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Al Qaeda Says It Killed Algerians

Al Qaeda in Iraq claimed responsibility Wednesday for killing two Algerian diplomats who were kidnapped in Baghdad last week, the second slaying of Arab envoys in Iraq this month.

Algerian state radio said Ali Belaroussi and Azzedine Belkadi had been killed, although the announcement from President Abdelaziz Bouteflika did not provide the source of the information.

Belaroussi, 62, and Belkadi, 47, were kidnapped at gunpoint July 21 in Baghdad's upscale Mansour area.

"The head of the Algerian mission Ali Belaroussi and the diplomat Azzedine Belkadi, whose government is ruling in violation of God's will, were killed," said a statement from al Qaeda in Iraq that appeared on an Islamic Web site.

They were slain because of the Algerian government's repression of Muslims in their north African country, the Internet statement said.

In a video made public Tuesday, the pair appeared blindfolded and in captivity, giving their names and home addresses.

In other developments:

  • The top American commander in Iraq said Wednesday there could be a "fairly substantial" pullout of American troops by next spring if there's continued political progress in Iraq and if the rebellion can be held in check. Iraq's transitional prime minister, Ibrahim al-Jaafari, meanwhile, called for a speedy withdrawal of American forces. He said at a news conference with U.S. Defense Secretary Donald Rumsfeld that the time has come for a coordinated transition from American to Iraqi military control across the country. Rumsfeld, however, when asked how soon a U.S. withdrawal should happen, said no exact timetable had been set.
  • Classified U.S. personnel used a sledgehammer handle to beat prisoners in Iraq, according to a National Guard soldier who testified during a closed military hearing involving four Colorado-based soldiers in March. Sgt. 1st Class Gerold Pratt of the Utah National Guard said he saw the unidentified personnel use a 15-inch wooden handle to hit prisoners.
  • Seventeen employees of the court preparing to try Saddam Hussein may lose their jobs for being former members of the ousted leader Baath Party, an official said Wednesday. It is unclear, however, whether the dismissals would take place before the start of Saddam's trial, expected in September.
  • A senior Baghdad International Airport official was abducted on Wednesday, along with his driver and another companion, police said. Mahir Yassin, director of the communication department at Baghdad airport, was kidnapped from Baghdad's western Mansour neighborhood on his way to work by assailants in two cars.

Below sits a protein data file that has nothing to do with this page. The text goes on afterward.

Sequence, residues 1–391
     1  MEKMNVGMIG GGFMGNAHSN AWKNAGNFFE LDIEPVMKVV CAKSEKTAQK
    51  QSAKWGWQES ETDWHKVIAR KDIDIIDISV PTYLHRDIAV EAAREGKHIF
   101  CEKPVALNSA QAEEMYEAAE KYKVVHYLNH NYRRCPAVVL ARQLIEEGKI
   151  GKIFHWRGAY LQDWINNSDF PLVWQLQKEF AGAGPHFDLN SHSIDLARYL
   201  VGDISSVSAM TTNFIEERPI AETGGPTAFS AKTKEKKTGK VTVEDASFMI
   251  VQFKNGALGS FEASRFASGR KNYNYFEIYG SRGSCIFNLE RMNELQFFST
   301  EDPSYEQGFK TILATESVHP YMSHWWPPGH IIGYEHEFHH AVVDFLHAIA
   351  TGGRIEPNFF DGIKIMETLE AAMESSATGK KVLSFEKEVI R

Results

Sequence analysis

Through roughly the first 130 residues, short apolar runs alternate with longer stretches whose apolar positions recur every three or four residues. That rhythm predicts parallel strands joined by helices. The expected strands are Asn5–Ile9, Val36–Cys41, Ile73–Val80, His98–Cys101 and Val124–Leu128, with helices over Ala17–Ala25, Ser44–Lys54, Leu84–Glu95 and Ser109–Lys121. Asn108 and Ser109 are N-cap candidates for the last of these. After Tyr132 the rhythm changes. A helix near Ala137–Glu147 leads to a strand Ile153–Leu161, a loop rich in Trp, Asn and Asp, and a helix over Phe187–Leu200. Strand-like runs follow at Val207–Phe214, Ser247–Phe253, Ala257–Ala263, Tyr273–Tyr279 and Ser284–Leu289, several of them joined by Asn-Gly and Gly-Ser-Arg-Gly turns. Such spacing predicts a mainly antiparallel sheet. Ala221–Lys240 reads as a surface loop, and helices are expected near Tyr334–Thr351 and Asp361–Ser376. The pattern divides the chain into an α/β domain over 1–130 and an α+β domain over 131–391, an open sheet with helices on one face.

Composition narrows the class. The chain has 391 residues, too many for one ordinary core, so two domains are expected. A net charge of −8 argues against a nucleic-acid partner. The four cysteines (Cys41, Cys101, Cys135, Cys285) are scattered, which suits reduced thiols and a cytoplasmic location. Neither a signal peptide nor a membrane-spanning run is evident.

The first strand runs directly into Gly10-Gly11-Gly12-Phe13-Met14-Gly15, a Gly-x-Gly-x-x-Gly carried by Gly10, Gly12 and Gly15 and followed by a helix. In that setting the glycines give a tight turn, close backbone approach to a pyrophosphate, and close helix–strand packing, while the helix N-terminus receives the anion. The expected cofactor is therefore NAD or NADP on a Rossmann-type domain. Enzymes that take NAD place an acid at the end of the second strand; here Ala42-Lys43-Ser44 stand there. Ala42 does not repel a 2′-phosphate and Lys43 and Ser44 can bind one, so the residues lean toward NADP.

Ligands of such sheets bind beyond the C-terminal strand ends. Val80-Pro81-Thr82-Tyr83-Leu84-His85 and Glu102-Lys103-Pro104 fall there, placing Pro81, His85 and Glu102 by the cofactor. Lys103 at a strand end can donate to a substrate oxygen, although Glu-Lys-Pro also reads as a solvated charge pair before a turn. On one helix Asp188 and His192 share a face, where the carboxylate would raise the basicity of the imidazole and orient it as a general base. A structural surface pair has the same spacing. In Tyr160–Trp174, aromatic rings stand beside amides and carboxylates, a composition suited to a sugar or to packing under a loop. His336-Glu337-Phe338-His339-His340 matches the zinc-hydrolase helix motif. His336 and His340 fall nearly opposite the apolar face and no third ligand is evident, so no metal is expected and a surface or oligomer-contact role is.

• Seven Iraqi soldiers were shot and killed as they were guarding a water plant north of Baghdad, the Defense Ministry said Wednesday. About 20 assailants armed with hand grenades and light weapons drove up in four cars and opened fire Tuesday on the soldiers in the town of Tarmiyah, 30 miles north of Baghdad.
  • Mortar attacks on Baghdad's main bus station on Wednesday killed at least two and injured 20 others, hospital officials said. During the afternoon attack, two mortars landed on the bustling station in the capital, according to a doctor at Yarmouk Hospital. Most of the victims are believed to be Iraqi civilians.
  • Two suicide attackers who apparently targeted the Iraqi military blew themselves up in quick succession on Wednesday outside a hospital in northern Baghdad, killing two soldiers and wounding eight, police Maj. Suleiman Abdul-Wahed said.

    Meanwhile, progress on Iraq's new constitution ran into another snag as Iraqi Kurds threaten not to back down from demands for a federal state despite problems this may create in meeting an Aug. 15 deadline that U.S. officials are pushing.

    Massoud Barzani, head of the Kurdistan Democratic Party, also said Kurds would never dissolve their militias and repeated demands for the return of ethnic Kurds to the oil-rich Kirkuk area from which tens of thousands of them were expelled under Saddam Hussein.

    Barzani's comments, broadcast by Al-Arabiya television, indicated the Kurds are standing firm on longtime demands at a time when the United States is urging all sides to compromise in order to finish the new constitution by the Aug. 15 deadline.

    His remarks were broadcast as Defense Secretary Donald H. Rumsfeld arrived in Baghdad to urge the Iraqis not to miss the deadline for completing the draft of the constitution. The Defense Department wields considerable influence among the Kurds, who worked closely with the Americans in preparations for the 2003 invasion that toppled Saddam.

    "It's time for a compromise. That's what politics are about and people are simply going to have to recognize that (in) any constitutional drafting process, compromise is necessary. It's important. It's understandable. It's the way democratic systems work," Rumsfeld said.

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